University of Minnesota

The great Charter called i[n] Latyn Magna Carta : with diuers olde statutes whose titles appere in the next leafe Newly correctyd ... London: Elizabeth Pickering (Redman), 1541.
Beale S11; STC 9272

This edition was produced by Elizabeth (Pickering) Redman (1510-1562), the first female printer in London whose works survive. The colophon reads in part: "Imprynted at London in / Fletestrete by Elisabeth / wydow of Robert Redma[n]." The publication date is conjectural, based on the short period during which Pickering was widowed and able to print in her own name. It is also the second edition of Magna Carta printed in English.

Elizabeth Pickering was the widow of Robert Redman, who took over her husband's printing press upon his death in October 1540. At least two women are known to have printed earlier works, but these have not survived, while Elizabeth Pickering produced as many as thirteen titles. Ten can be attributed to her, and three others may be hers as well. Her first book, A Lytle Treatyse Composed by John Sta[n]dysshe, was printed at her shop "at the sign of the George" in Fleet Street and has a colophon dated December 13, 1540. She continued publishing under her own name for about ten months before she transferred her press to William Middleton on her remarriage to William Cholmeley in 1541. Pickering employed Robert Redman's monogram, signaling a continuity in the work produced.(1)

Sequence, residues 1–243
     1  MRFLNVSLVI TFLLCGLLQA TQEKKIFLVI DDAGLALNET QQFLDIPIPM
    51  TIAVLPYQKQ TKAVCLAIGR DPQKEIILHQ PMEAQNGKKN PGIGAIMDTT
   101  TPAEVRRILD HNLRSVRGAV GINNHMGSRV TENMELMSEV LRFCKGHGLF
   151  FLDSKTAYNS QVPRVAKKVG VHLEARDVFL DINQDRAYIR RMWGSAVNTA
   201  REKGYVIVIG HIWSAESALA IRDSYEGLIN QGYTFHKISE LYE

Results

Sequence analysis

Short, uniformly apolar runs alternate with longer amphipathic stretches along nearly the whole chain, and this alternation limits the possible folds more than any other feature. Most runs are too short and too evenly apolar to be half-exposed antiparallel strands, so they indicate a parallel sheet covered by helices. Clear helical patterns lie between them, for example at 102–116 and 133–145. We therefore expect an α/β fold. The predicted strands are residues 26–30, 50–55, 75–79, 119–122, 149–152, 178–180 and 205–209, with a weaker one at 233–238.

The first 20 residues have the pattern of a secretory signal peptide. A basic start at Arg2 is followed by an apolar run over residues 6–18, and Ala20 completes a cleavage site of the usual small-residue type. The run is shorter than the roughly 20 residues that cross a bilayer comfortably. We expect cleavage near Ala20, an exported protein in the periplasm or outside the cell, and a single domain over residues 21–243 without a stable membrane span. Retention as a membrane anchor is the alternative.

Title Page Colophon Printer's Device Coat of Arms

1. For more on Elizabeth (Pickering) Redman, see Barbara Kreps, "Elizabeth Pickering: The First Woman to Print Law Books in England and Relations within the Community of Tudor London's Printers and Lawyers," Renaissance Quarterly 56:4 (2003), 1053-1088.